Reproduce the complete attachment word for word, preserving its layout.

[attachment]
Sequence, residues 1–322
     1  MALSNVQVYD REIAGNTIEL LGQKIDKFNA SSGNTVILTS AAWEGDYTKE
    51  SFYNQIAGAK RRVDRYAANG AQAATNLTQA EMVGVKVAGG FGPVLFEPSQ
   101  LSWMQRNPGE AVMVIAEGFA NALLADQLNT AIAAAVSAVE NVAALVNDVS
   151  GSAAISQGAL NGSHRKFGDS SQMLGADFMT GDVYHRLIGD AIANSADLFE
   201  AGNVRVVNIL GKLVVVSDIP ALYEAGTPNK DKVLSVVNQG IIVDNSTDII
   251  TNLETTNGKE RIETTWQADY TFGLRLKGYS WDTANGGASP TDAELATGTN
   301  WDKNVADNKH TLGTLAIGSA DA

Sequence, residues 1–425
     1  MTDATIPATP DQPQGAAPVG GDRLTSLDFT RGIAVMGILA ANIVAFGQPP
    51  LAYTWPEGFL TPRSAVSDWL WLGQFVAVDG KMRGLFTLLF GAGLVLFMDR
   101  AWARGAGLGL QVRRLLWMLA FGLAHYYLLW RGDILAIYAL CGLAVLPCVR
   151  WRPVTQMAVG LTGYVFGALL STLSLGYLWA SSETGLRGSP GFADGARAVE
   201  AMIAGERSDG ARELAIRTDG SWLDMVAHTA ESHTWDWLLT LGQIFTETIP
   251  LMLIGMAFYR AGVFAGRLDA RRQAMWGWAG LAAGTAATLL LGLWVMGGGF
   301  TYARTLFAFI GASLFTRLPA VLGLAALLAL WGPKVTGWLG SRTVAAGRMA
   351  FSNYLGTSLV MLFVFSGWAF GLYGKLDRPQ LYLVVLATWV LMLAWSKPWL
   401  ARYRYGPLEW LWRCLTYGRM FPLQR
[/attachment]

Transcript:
Sequence, residues 1–322
     1  MALSNVQVYD REIAGNTIEL LGQKIDKFNA SSGNTVILTS AAWEGDYTKE
    51  SFYNQIAGAK RRVDRYAANG AQAATNLTQA EMVGVKVAGG FGPVLFEPSQ
   101  LSWMQRNPGE AVMVIAEGFA NALLADQLNT AIAAAVSAVE NVAALVNDVS
   151  GSAAISQGAL NGSHRKFGDS SQMLGADFMT GDVYHRLIGD AIANSADLFE
   201  AGNVRVVNIL GKLVVVSDIP ALYEAGTPNK DKVLSVVNQG IIVDNSTDII
   251  TNLETTNGKE RIETTWQADY TFGLRLKGYS WDTANGGASP TDAELATGTN
   301  WDKNVADNKH TLGTLAIGSA DA

Sequence, residues 1–425
     1  MTDATIPATP DQPQGAAPVG GDRLTSLDFT RGIAVMGILA ANIVAFGQPP
    51  LAYTWPEGFL TPRSAVSDWL WLGQFVAVDG KMRGLFTLLF GAGLVLFMDR
   101  AWARGAGLGL QVRRLLWMLA FGLAHYYLLW RGDILAIYAL CGLAVLPCVR
   151  WRPVTQMAVG LTGYVFGALL STLSLGYLWA SSETGLRGSP GFADGARAVE
   201  AMIAGERSDG ARELAIRTDG SWLDMVAHTA ESHTWDWLLT LGQIFTETIP
   251  LMLIGMAFYR AGVFAGRLDA RRQAMWGWAG LAAGTAATLL LGLWVMGGGF
   301  TYARTLFAFI GASLFTRLPA VLGLAALLAL WGPKVTGWLG SRTVAAGRMA
   351  FSNYLGTSLV MLFVFSGWAF GLYGKLDRPQ LYLVVLATWV LMLAWSKPWL
   401  ARYRYGPLEW LWRCLTYGRM FPLQR